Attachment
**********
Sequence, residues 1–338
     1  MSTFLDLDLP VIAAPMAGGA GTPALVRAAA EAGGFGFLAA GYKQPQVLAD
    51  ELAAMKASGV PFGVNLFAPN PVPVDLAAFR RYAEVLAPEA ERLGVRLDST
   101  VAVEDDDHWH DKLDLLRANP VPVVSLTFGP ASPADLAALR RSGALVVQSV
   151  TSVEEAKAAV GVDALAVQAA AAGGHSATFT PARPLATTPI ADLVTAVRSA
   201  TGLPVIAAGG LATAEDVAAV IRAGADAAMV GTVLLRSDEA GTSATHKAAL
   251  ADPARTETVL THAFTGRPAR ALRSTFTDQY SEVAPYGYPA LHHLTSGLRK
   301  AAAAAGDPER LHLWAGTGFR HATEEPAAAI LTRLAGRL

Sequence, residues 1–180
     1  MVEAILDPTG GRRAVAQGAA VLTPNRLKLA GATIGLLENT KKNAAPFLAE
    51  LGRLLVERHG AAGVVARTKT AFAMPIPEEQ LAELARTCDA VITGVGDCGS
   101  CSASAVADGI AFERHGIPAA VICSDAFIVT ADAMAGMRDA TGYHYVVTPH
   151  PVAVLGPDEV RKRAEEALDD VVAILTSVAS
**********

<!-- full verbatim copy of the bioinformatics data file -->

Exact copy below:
Sequence, residues 1–338
     1  MSTFLDLDLP VIAAPMAGGA GTPALVRAAA EAGGFGFLAA GYKQPQVLAD
    51  ELAAMKASGV PFGVNLFAPN PVPVDLAAFR RYAEVLAPEA ERLGVRLDST
   101  VAVEDDDHWH DKLDLLRANP VPVVSLTFGP ASPADLAALR RSGALVVQSV
   151  TSVEEAKAAV GVDALAVQAA AAGGHSATFT PARPLATTPI ADLVTAVRSA
   201  TGLPVIAAGG LATAEDVAAV IRAGADAAMV GTVLLRSDEA GTSATHKAAL
   251  ADPARTETVL THAFTGRPAR ALRSTFTDQY SEVAPYGYPA LHHLTSGLRK
   301  AAAAAGDPER LHLWAGTGFR HATEEPAAAI LTRLAGRL

Sequence, residues 1–180
     1  MVEAILDPTG GRRAVAQGAA VLTPNRLKLA GATIGLLENT KKNAAPFLAE
    51  LGRLLVERHG AAGVVARTKT AFAMPIPEEQ LAELARTCDA VITGVGDCGS
   101  CSASAVADGI AFERHGIPAA VICSDAFIVT ADAMAGMRDA TGYHYVVTPH
   151  PVAVLGPDEV RKRAEEALDD VVAILTSVAS